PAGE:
Richard Ulrich, a member of Wal-Mart Stores RFID Strategy Team, said he believes there are definite benefits to be had from item-level tagging—particularly in streamlining checkout processes.
He also said he believes those efficiencies will be significantly delayed unless a global standard is agreed upon.
“What is required in the supply chain?” Ulrich asked, during a March 29 Web seminar hosted by RFID Journal. “A low-cost RFID [radio-frequency identification] solution—thats key, especially at the item level. To get there we need economies of scale … The only way to do that is to get to one standard that supports multiple use cases—that [can] read at a distance for case and pallet, and close proximity for item level.”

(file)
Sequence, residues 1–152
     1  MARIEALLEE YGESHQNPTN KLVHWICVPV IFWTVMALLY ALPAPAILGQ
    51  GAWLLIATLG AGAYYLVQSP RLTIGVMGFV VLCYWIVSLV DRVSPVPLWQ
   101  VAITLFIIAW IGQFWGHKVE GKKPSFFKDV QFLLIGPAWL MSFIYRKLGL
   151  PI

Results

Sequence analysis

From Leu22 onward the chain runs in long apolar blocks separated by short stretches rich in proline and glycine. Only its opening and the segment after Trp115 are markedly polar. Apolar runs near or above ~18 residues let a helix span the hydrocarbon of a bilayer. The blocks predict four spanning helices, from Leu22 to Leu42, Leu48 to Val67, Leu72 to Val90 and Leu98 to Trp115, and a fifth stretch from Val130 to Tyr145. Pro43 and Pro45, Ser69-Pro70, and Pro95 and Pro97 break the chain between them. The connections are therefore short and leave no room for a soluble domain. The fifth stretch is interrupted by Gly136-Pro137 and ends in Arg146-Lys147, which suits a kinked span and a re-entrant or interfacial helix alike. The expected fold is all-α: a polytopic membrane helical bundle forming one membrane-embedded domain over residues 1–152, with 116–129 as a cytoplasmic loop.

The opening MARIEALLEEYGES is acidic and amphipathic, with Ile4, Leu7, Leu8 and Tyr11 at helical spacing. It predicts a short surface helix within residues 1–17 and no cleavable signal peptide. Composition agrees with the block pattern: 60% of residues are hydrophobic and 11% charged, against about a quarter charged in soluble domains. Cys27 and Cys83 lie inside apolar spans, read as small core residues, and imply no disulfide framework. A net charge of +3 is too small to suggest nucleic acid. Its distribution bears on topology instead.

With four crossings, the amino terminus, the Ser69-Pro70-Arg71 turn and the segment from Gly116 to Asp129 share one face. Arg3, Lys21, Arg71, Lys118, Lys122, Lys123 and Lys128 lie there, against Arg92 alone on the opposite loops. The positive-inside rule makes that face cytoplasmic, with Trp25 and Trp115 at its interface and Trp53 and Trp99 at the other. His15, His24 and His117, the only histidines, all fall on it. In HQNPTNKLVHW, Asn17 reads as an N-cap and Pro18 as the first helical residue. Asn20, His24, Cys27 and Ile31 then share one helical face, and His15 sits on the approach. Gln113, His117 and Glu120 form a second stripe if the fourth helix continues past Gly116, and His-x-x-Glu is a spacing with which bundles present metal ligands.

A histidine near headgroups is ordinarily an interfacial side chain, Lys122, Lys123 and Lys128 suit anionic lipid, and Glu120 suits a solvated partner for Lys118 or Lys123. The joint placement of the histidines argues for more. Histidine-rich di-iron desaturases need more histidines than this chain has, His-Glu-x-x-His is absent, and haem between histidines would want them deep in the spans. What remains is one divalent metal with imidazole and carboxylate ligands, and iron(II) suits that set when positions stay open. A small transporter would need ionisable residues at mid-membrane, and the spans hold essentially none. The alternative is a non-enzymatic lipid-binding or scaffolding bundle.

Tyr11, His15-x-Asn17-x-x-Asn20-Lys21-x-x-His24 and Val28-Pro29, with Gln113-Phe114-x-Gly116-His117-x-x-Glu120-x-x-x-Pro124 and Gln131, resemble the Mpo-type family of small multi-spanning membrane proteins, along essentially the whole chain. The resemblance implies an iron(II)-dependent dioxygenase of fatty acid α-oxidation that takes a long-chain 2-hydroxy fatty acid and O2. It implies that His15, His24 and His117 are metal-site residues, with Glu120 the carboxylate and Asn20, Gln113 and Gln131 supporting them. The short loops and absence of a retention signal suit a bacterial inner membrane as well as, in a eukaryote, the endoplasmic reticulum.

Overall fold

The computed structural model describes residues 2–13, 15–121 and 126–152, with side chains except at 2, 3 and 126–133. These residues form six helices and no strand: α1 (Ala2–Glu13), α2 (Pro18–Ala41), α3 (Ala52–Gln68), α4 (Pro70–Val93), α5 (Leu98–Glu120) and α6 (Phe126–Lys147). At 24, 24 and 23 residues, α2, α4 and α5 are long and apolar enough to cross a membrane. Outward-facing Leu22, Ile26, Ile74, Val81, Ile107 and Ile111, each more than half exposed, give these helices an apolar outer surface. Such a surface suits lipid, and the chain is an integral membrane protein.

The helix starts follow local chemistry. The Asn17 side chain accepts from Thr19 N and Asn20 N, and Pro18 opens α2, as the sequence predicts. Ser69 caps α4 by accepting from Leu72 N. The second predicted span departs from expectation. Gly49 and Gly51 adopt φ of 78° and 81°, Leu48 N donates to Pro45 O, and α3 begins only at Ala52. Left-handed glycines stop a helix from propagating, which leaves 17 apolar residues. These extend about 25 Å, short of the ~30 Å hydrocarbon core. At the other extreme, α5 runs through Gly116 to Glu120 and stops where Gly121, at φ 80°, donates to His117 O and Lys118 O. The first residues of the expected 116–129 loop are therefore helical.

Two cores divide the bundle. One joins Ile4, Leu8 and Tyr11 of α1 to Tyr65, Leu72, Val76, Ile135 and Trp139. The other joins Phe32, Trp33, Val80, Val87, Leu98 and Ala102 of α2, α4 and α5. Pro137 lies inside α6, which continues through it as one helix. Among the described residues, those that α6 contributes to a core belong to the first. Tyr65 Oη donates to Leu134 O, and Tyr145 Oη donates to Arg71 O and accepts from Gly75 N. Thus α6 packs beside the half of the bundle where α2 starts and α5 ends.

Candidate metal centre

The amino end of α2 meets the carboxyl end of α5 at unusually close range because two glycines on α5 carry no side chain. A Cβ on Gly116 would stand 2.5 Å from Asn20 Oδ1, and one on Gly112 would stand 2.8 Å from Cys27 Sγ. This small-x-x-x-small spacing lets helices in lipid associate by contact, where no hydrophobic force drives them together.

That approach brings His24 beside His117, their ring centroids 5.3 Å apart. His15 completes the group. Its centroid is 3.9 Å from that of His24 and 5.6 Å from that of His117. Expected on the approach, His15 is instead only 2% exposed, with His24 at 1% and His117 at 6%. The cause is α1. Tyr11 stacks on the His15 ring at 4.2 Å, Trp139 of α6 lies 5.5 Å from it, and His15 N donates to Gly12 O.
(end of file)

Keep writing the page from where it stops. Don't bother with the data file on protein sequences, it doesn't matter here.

The battle, at this point, is playing out around tag and reader frequencies: HF (High Frequency) versus UHF (Ultra High Frequency).
There are some vendors, like ODIN Technologies, in Dulles, Va., a company that provides RFID infrastructure software, deployment services and lab testing, which point to HF as the best choice for pharmaceutical tagging—a prime example of an industry that looks to heavily utilize item-level tagging.
Then there are those like Chris Diorio, chairman, founder and vice president of RFID engineering for Impinj, which has offices in Seattle and Newport Beach, Calif., and Ian Forster, technical director of RFID at Avery Dennison, in Pasadena, Calif. Both executives are clearly in the UHF camp (both companies manufacture UHF tags and readers).
UHF is based on the Gen 2 standard, ratified by EPCGlobal last year. Tags and readers incorporating Gen 2 are just coming to market this year.